Kurt Ollmann renders elegiac Eugene O’Neill lines adapted for the opera stage
Ollmann enjoyed a long professional association with Leonard Bernstein, including his first major recording project,
as Riff in “West Side Story,” for which the young singer made all of $1,500. “I feel like my son made that recording,” Ollmann quipped.
Professionally, Ollmann’s sexuality has never been a hurdle for him. “I would be inclined to think it helped me as much as it hurt me,” he disclosed. However, Ollmann expressed gratitude that as well as young singers coming out more readily, openly gay and lesbian conductors now get hired.
A native of Racine, Wisconsin, Ollmann’s family spent three years in Paris beginning when he was 12, a formative experience which partly explains Ollmann’s mastery of sung French, a supremely rare feat. Later, Ollmann returned to the U.S. and studied Romance languages at Bowdoin College in Maine, where, he recalled, not atypically, he felt like “a confused gay boy.” Romantic couples associated with song repertories (Britten/Pears, Poulenc/Bernac, Baldwin/Souzay) provided inspiration. Gérard Souzay (“a great artist”) proved a career model and important teacher to Ollmann, despite seeming at times of “a dark spirit.”
Though Ollmann has sung opera from Vienna to Seattle, he has never defined himself primarily as an “opera singer,” which might account for why he is not a household name, yet widely respected by his peers. “I’m not somebody who was completely, temperamentally suited to going for the biggest career. I would have had a different strategy if extreme fame and extreme wealth were the driving forces. I’ve wanted to have a life, always. I never wanted my life to be defined by my career. I see this just as much as a weakness as a strength. In my dream version of my life, I would have more power to choose my projects than I do.”
During the 1980s, Ollmann lived in New York, moving to Santa Fe for the 90s, then on to his current home, Milwaukee, which, between his higher-flying gigs, offers worthwhile musical opportunities. With his partner (“current and forever”) Bill Lavonis, a tenor and professor of voice at the University of Wisconsin, Ollmann has given joint recitals and taught master classes. (Lavonis will sing Ruiz to Ewa Podles’ Azucena in Verdi’s “Il Trovatore” in November.)
Ollmann recently returned to Milwaukee’s Skylight Theatre in “The Fantasticks.” While he’s excelled in concerts and recordings of musicals (including “On the Town” opposite Tyne Daly and Gershwin’s “Oh, Kay” with Dawn Upshaw), Ollmann’s ease in that performance idiom developed much later than his initial love of the theater. One of his first artistic goals was directing the likes of Anouilh and Pinter. “Before I recorded ‘West Side Story’ with Bernstein, I was sort of snobbish about that repertoire, actually. I didn’t think that I ‘did’ that. I did late Fauré cycles and things like that, and would stoop to opera to pay the bills,” Ollmann remarked between big giggles. “Since then, that whole ‘music theatre’ repertoire has been a big part of what I do.”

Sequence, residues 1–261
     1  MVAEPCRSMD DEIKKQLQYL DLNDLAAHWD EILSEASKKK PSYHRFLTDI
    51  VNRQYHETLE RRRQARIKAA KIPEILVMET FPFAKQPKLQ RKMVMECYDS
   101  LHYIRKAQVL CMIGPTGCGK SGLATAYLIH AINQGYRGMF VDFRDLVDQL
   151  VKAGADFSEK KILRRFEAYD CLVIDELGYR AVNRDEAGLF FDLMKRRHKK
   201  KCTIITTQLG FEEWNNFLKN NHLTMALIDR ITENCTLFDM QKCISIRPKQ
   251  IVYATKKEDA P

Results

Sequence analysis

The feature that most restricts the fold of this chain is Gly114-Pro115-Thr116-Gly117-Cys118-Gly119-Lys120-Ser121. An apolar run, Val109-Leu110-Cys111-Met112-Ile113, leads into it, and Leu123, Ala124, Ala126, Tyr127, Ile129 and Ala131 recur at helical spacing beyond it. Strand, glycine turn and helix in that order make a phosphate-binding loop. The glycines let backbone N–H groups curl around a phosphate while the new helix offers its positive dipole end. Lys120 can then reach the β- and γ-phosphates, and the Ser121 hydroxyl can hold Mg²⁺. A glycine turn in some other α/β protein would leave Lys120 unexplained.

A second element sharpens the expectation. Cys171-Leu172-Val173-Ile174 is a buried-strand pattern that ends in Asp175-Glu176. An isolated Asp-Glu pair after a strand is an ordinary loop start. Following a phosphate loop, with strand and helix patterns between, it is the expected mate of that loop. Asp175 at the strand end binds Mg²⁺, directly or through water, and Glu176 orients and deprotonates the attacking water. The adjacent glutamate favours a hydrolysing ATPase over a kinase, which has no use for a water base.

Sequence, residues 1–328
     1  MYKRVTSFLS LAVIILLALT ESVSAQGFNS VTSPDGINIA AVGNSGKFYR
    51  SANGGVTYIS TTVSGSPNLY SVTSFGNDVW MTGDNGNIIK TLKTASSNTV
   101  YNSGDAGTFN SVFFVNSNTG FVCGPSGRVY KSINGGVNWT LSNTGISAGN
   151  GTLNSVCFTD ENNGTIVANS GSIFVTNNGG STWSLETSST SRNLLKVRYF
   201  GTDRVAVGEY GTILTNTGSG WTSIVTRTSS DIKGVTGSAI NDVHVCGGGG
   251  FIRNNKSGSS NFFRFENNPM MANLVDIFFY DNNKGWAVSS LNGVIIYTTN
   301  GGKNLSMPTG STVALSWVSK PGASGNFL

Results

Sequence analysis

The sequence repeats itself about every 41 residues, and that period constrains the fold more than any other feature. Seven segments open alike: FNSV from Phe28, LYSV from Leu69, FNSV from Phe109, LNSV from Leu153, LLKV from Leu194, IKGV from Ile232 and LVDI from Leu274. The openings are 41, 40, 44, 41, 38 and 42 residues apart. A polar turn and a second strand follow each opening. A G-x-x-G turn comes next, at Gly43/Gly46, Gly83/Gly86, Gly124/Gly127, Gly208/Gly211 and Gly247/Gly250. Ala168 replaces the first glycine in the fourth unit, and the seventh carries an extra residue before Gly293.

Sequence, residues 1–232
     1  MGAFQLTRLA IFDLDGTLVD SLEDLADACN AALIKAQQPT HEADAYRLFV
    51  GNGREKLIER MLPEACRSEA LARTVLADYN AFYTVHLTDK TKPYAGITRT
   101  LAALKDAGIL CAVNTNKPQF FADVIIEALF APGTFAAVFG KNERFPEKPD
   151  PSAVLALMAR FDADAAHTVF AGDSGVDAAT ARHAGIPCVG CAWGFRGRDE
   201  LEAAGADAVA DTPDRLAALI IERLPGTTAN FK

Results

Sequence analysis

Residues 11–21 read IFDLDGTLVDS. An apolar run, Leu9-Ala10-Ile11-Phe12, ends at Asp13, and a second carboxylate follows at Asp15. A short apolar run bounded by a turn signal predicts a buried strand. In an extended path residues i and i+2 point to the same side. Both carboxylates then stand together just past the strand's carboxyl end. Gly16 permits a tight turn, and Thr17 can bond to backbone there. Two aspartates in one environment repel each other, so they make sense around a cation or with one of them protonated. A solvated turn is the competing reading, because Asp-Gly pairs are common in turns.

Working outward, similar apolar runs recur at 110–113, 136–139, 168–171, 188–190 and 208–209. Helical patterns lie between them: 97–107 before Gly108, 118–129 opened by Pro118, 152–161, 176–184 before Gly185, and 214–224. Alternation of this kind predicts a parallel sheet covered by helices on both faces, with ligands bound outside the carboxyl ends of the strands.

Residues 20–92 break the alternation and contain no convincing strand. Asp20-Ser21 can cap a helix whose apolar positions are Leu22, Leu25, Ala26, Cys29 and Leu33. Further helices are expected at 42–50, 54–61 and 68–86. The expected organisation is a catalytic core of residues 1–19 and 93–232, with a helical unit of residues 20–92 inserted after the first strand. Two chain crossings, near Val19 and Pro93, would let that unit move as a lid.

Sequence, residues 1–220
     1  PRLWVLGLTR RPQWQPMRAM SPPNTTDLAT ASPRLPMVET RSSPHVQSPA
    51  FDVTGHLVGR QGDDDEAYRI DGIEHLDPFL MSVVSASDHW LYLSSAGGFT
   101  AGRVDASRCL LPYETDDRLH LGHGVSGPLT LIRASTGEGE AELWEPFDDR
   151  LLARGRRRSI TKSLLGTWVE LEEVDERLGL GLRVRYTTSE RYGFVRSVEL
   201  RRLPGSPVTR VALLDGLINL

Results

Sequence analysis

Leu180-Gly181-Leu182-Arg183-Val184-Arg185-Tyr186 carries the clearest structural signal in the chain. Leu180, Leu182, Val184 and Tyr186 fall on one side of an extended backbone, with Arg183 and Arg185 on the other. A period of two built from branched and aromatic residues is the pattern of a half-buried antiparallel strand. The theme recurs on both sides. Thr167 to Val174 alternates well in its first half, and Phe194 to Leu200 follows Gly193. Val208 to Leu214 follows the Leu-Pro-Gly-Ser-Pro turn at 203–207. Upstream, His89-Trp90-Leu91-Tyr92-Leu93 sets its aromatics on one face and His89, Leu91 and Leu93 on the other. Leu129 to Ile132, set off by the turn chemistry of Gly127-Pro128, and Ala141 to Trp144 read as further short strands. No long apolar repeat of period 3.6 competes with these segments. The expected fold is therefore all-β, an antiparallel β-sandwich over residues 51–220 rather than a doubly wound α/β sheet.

For a sample, Ollmann recommends the video version of Bernstein’s “Candide” rather than the CD set. As for some of his other recordings, Ollmann shared that the “Schumann duets with Lorraine Hunt and Michael Barrett— I’m proud of that.” Ollmann likes the Ned Rorem songs he has recorded. (Ollmann originated the superb cycle “Evidence of Things Not Seen” on New World CDs.) He would also like to experiment with song programs that he selects (one French, one American), plus Schumann’s “Dichterliebe” as well as Schubert’s “Winterreise.”
In terms of the opera stage, Ollmann says his main desire is to return to Debussy’s “Pelléas,” which he feels “born to do.” (The Opera d’Oro CDs are an excellent record of his interpretation in his performance opposite Frederica von Stade with Abbado).
Levy set the current tessitura of Orin’s part with Ollmann’s high-placed voice in mind. Still an avid gym buff, Ollmann noted that he’s now getting away with playing the 23-year-old Orin Mannon role, the Orestes character in “Mourning” created by John Reardon, another tall, handsome gay baritone whose “crossover” career bears some similiarity to Ollmann’s eager embrace of new music. (The two men never met, but Ollmann happened to be listening to a Reardon American songs LP the night he decided to undertake a classical career. Later, after Reardon died of AIDS, Ollmann chanced to visit his Santa Fe house and saw his own recording of Roussel songs on the CD player.)
Ollmann praises the dramatic insight of acclaimed theatre director Bartlett Sher: “He’s very good—a great match with this piece. He reinforces its strengths and has found a visual style that suits its scale.” Ollmann notes that first-time opera director Sher is fortunate in having a cast of uncommonly strong actors (Lauren Flanigan: “brilliant, she makes something tremendous of it;” Emily Pulley: “excellent—she can do everything;” and Welshman Jason Howard: “a wonderful singer, and very funny in rehearsals”) to match the powerhouse lineup of the 1967 Met première (which starred Marie Collier, Evelyn Lear and Sherrill Milnes).
Kurt Ollmann’s ongoing life in song continues on April 8 in New York when the baritone joins New York Festival of Song for the “Men, Women and Food” recital that Steven Blier is cooking up for Merkin Hall.
David Shengold (email@example.com) writes for Playbill, Opera and Opera News among other venues.